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Click here to view a video preview of this review!Mame Spinner Roundup


If you’re into MAME gaming, eventually you will inevitably feel the unavoidable urge to build or buy an arcade control panel, just so you can play all of those classic arcade games “the way they were meant to be played.” If you decide to build your own arcade controller, there are a lot of choices that will need to be made, but one of the most important is the type of controllers to include.

For many, deciding to add an arcade spinner is an important choice. Used in games such as Arkanoid and Tempest, spinners can be used in almost any game that requires, well, spinning. If you’re shopping for a spinner controller that is MAME-compatible, these are good days. There are four different arcade spinners currently available, from two different companies. Each spinner has its own design, and each has strengths and weaknesses. That makes choosing one a bit more difficult.

(L-R): Tron, Tornado, Push/Pull, Model 3 (top) and Pro (bottom)

(L) The Original Tempest Spinner, and (R) The Oscar Vortex

In this roundup I hope to be able to compare and contrast each of the spinners, pointing out what makes each unique. In addition to the MAME spinners, the arcade-original Tron and Tempest spinners are included in this roundup just so that you can compare the newer spinners to what was actually used in the arcades.

The Companies

There are two main companies making spinners for MAME cabs: Oscar Controls and SlikStik. Both make their own custom-designed spinners, each with a different “philosophical” approach to the spinner design process.

Oscar Controls makes three of the four spinners included in the roundup. The owner of Oscar Controls, Kelsey, strives very hard to create “arcade authentic” controls that are based on the designs of actual controls used in the original games. For example, the Oscar Push/Pull spinner is closely modeled on the original Discs of Tron spinner, and Kelsey actually studied an original Discs of Tron spinner in the design process. The Vortex spinner, likewise, is faithfully modeled on the Atari Tempest spinner.

SlikStik, on the other hand, seems to be working very hard at creating the “ÜberSpinner” — Christian of SlikStik told me that he wanted the smoothest spinning arcade spinner ever created. With a spin time of over three minutes with only a flick of the wrist, I'd say he’s well on the way to his goal. I don’t know of any actual arcade machine that used a dual-bearing design like the Tornado, but it certainly seems like a great spinner design.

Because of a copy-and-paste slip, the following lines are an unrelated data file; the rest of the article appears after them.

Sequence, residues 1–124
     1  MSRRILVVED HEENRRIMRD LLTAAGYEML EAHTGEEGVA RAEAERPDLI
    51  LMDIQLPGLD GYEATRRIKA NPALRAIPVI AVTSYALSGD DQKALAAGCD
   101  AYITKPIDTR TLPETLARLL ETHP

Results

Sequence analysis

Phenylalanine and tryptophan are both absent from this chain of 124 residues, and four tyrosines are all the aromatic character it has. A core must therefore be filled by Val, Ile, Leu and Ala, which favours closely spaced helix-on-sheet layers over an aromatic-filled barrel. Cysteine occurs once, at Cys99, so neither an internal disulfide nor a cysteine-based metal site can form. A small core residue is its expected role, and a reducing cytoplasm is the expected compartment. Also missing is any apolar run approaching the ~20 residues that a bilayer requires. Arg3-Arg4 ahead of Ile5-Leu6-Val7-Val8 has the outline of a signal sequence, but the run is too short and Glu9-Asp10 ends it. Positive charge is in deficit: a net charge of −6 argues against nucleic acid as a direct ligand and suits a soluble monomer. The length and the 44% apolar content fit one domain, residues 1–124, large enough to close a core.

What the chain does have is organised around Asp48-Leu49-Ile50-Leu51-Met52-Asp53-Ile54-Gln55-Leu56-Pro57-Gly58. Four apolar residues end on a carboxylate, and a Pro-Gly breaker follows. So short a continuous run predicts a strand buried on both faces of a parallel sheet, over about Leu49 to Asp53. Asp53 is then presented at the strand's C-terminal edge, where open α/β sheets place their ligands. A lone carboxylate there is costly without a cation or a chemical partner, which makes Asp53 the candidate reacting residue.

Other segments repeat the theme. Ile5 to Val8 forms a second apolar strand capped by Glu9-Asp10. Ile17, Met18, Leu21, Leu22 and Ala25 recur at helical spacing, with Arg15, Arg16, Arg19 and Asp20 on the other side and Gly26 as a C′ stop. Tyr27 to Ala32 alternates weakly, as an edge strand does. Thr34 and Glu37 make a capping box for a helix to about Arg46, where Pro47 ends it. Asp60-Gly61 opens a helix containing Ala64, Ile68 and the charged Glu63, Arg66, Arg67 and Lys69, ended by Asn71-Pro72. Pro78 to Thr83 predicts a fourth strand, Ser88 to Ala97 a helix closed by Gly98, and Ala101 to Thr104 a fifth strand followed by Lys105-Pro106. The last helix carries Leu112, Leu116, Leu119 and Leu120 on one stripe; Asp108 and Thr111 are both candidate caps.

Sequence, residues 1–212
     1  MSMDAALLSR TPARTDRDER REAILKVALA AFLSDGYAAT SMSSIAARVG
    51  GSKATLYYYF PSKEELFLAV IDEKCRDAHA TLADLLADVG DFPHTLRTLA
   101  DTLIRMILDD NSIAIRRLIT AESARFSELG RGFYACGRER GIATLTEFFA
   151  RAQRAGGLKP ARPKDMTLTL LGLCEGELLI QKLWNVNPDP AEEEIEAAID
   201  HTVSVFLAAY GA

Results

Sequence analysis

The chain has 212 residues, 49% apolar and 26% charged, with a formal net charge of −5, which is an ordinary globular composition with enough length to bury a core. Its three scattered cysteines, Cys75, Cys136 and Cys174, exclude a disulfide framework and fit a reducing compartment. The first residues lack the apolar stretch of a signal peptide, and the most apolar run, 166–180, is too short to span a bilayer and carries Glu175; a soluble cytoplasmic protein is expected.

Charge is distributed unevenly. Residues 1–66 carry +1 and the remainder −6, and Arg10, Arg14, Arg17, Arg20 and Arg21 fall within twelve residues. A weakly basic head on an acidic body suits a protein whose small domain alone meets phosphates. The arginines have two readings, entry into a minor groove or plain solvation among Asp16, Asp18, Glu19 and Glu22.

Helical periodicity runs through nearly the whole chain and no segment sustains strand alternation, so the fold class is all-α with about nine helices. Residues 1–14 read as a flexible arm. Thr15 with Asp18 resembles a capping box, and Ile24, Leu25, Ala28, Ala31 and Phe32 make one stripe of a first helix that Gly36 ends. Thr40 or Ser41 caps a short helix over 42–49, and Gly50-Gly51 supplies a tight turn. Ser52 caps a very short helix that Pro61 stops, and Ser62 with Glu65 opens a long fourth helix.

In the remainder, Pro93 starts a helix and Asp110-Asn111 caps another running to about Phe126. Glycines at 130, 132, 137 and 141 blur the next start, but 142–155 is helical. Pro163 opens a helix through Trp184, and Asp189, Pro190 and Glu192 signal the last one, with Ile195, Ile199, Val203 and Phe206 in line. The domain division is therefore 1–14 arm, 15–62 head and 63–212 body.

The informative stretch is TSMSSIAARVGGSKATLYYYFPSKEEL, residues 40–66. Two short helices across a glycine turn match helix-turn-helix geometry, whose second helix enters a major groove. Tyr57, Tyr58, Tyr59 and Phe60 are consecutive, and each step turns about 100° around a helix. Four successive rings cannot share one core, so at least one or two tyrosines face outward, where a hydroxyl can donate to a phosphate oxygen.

Parts is Parts, Right?

A spinner is actually a fairly simple controller, so there really isn’t all that much to one: a knob, a shaft, a flyweight (to give it some mass for spinning), an encoder wheel, an optic board (to read how fast the encoder wheel is spinning), an encoder board (to translate the optic readings into something the computer can use), and a bracket of some sort to hold everything together.

All of the Oscar Controls spinners use a custom optic board, which can be mated to a number of different encoders, such as the Opti-PAC, Hagstrom ME4, or a USB-only mouse interface from Oscar Controls (which is basically the guts of a mouse, including the microswitches for the mouse buttons!).

Oscar Controls Optic Board

The SlikStik Tornado spinner uses the same encoder and optic board used in the Happ Controls USB/PS-2 compatible trackballs, which includes both the dual-optic sensors and encoder electronics. The spinner cannot be interfaced with an Opti-PAC or Hagstrom encoder (it doesn’t need to), but it does support both USB and PS/2 interfaces.

SlikStik Encoder Board

The Players

Here’s a brief overview of the “participants” in this roundup:

Original Tron Spinner
This is the “old skool” spinner here – a genuine arcade spinner from an old TRON machine. It’s large, heavy, and it spins. But how does it compare to the new generation of spinners?
Oscar Pro
Now replaced by the Vortex, the Oscar Control Pro was designed to spin, and spin well.
Oscar Push/Pull
Taking spinners in a new direction, the Oscar Controls Push/Pull spinner adds the ability to push down and pull up the spinner. Great stuff, but how does it spin?
Oscar Model 3
This is the “basic” model from Oscar Controls – it does the job, it has a small footprint, and it’s relatively inexpensive. But does it get the job done?

Oscar Vortex
The successor to the Oscar Pro, the Vortex is closely modeled on the Atari Tempest spinner. Is it a worth replacement to the Pro, and how does it compare to the spinner that inspired it?

SlikStik Tornado
The new kid, an ultra-smooth dual-ball bearing design that seemingly spins forever. But does that actually help gameplay?

Original Tempest Spinner
The arcade original spinner with a "need for speed." Designed for fast spins and quick direction changes, can it teach the newcomers a thing or two about spinner design?

To evaluate each of these spinners, I ran them through a number of grueling (fun) and exhausting (very fun) play-tests. I also tried to rank each spinner on a number of different criteria, including ease of installation, design, ease of use, spinner sensitivity, and more.

Installed and Ready for Testing: (L-R) Pro, Push/Pull, Model 3, and Tornado
(Tron Spinner in Front)

Side Shot of the Installed Spinners

Underneath the Spinner Table

With the setup out of the way, let's go ahead and look at each of the spinners in this roundup, and what makes each of them unique...

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